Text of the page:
Here's why the TikTok ban matters more than you think


The app’s path to a ban in the United States, signed into law this week, will have wider ramifications than for TikTok alone.

The clock is ticking. After Joe Biden signed into law a bill that would require TikTok’s parent company to divest the app to an American owner or face a ban in the United States, the future of the shortform video-sharing platform is in doubt.

TikTok has said that it will appeal the ban, with the company calling it an “unconstitutional law” and saying “we will ultimately prevail” in court. In its defense, the company will be citing its First Amendment rights to exist and compete in the country, but this ban is far more threatening to the future of the app than a mooted 2020 ban enacted by Donald Trump – which was also contested in court.

But while all the focus is on TikTok’s immediate future, the more meaningful moment in this decision is the precedent it sets and the message it delivers to the rest of the world.

For more than 20 years, the world has been shaped by a Silicon Valley ideal, with apps born from that part of the United States reaching global success. And just as US TV shows can help shape sensibilities, so the soft power of social media and tech giants have shaped our society so that it has a curiously American accent.

A global power imbalance

TikTok upended that. While it was heavily influenced by the United States – ByteDance founder Yiming Zhang was awestruck by US tech leaders and inspired to follow in their footsteps – it was the first app to reach global renown from outside the United States.

American politicians were able to stomach just about four years of tech supremacy in a space outside of the US before they decided enough was enough. And curiously, they’ve established a new norm for the future of tech.

"This legislation is unconstitutional and a real blow to the free expression rights of 170 million people who create and engage with content on TikTok,” says Kate Ruane, director of the Center for Democracy & Technology’s Free Expression Project. “Congress shouldn't be in the business of banning platforms. They should be working to enact comprehensive privacy legislation that protects our private data no matter where we choose to engage online.”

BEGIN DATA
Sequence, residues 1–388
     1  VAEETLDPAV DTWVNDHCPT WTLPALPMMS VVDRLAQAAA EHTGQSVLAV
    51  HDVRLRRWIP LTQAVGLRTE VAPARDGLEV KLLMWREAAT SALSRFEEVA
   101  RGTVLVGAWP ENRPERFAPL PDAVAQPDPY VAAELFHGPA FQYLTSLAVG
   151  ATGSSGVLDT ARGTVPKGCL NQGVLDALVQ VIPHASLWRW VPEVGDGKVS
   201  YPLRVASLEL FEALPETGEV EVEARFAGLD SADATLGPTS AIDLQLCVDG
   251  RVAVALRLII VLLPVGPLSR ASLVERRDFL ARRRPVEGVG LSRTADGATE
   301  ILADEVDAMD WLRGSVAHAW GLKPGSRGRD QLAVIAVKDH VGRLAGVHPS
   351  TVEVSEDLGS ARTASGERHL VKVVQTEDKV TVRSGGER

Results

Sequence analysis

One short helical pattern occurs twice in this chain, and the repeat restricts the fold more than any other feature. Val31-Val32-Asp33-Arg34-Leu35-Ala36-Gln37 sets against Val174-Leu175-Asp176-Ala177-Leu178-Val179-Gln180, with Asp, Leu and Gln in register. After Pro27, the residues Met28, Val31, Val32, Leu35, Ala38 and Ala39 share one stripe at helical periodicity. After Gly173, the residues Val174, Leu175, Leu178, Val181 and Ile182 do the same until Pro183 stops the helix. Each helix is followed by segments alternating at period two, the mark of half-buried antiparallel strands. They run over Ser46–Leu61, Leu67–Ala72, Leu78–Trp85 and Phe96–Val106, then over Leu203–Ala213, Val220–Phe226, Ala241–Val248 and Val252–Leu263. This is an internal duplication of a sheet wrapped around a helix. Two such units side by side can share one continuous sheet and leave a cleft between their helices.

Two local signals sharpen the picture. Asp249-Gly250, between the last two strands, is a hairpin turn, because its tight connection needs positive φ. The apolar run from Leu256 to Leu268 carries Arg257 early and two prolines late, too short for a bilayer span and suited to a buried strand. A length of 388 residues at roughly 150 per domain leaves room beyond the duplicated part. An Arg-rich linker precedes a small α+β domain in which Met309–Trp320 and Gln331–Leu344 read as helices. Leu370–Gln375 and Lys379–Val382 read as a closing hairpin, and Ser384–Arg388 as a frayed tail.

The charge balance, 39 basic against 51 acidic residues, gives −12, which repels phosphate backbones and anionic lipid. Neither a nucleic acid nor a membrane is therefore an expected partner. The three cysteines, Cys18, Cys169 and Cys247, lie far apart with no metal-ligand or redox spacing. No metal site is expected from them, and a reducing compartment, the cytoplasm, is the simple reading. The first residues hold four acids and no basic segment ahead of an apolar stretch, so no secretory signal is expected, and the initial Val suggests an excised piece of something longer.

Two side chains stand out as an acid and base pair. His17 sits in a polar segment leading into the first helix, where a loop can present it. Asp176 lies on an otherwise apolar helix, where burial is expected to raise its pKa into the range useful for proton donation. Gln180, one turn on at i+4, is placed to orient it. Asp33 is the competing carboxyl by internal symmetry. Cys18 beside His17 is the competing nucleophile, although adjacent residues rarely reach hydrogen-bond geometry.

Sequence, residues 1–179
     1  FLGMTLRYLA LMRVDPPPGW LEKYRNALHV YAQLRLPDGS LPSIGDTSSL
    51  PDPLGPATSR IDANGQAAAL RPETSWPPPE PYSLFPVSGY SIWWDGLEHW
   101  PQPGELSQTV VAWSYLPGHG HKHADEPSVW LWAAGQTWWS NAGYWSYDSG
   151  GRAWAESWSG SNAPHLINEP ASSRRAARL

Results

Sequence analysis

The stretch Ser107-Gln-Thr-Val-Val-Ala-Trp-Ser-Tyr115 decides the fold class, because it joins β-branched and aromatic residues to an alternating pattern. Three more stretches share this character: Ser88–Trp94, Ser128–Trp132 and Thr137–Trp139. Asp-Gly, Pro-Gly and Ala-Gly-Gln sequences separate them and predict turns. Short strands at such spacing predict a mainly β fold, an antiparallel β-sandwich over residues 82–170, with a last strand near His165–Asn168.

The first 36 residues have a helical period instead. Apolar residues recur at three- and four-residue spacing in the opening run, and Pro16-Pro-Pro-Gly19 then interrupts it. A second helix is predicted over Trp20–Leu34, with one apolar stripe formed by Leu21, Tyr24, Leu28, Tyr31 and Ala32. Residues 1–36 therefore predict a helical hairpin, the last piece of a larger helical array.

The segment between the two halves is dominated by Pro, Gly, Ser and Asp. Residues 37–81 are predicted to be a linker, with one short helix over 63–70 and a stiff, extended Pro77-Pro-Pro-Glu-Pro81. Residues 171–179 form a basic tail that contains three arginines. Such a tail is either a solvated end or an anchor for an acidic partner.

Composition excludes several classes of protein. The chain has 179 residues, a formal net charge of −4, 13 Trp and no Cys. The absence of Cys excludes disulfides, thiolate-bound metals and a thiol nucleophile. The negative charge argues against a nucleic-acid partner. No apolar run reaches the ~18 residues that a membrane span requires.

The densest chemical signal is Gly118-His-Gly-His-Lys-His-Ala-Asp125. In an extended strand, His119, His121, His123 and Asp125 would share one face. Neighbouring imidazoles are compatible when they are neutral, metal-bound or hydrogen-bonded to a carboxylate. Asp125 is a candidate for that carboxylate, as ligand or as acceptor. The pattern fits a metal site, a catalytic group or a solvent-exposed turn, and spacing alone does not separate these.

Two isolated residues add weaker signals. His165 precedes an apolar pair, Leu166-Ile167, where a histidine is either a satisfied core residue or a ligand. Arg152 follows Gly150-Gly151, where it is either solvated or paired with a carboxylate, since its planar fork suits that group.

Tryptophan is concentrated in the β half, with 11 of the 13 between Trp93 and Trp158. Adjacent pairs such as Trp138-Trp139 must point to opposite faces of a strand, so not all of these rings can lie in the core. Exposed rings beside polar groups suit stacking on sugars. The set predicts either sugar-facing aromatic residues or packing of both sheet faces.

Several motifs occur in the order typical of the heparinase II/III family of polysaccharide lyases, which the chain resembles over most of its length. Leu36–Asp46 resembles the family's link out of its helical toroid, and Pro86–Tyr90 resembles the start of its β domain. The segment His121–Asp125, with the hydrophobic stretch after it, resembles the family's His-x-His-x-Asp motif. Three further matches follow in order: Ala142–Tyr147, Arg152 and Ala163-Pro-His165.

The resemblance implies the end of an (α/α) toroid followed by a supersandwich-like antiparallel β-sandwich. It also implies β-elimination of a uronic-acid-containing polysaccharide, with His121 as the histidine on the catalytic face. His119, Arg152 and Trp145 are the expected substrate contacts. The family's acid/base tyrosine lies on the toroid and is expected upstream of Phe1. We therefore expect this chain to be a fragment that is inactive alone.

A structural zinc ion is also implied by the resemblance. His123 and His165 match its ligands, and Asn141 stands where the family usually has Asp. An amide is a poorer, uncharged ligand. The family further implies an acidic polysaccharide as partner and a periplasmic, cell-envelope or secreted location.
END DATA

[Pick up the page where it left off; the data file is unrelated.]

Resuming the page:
What’s next?

The idea of trying to solve a real problem – the overgenerous gathering of user data by apps – by singling out TikTok’s Chinese history as the main reason that happens is misguided, reckons Nadine Farid Johnson, policy director of the Knight First Amendment Institute at Columbia University.

“Congress should be concerned about platforms’ collection of Americans’ data, but this ban is not a solution,” she says. “China and other foreign adversaries will still be able to purchase Americans’ sensitive data from data brokers on the open market. And they could still engage in disinformation campaigns using American-owned platforms. Lawmakers should be addressing the real problem, not undermining the First Amendment.”

Not only does the effective TikTok ban undermine the United States’s First Amendment, but it also plays directly into the hands of those whom the country’s politicians are hoping to tackle.

Countries like China and Russia can now point to the actions the US has taken to tamp down TikTok’s success and use it to justify their anti-democratic crackdown on other apps.

It also sends a signal to the rest of the world that any non-US based tech giants will struggle to gain a foothold in the country – which is why, once it’s likely that the attempt to ban TikTok is defeated in court, few other countries are likely to follow in the US’s footsteps.

Because they know that their norms have already been shaped by American values, and now recognize that the US won’t have it any other way.


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